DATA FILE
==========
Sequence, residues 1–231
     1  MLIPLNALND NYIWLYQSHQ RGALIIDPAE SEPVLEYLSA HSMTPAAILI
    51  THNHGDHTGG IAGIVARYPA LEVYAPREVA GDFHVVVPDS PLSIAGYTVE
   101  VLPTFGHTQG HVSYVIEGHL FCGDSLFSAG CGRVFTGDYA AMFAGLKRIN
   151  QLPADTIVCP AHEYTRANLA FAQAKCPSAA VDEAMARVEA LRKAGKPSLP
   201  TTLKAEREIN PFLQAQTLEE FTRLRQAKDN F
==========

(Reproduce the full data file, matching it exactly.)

Sequence, residues 1–231
     1  MLIPLNALND NYIWLYQSHQ RGALIIDPAE SEPVLEYLSA HSMTPAAILI
    51  THNHGDHTGG IAGIVARYPA LEVYAPREVA GDFHVVVPDS PLSIAGYTVE
   101  VLPTFGHTQG HVSYVIEGHL FCGDSLFSAG CGRVFTGDYA AMFAGLKRIN
   151  QLPADTIVCP AHEYTRANLA FAQAKCPSAA VDEAMARVEA LRKAGKPSLP
   201  TTLKAEREIN PFLQAQTLEE FTRLRQAKDN F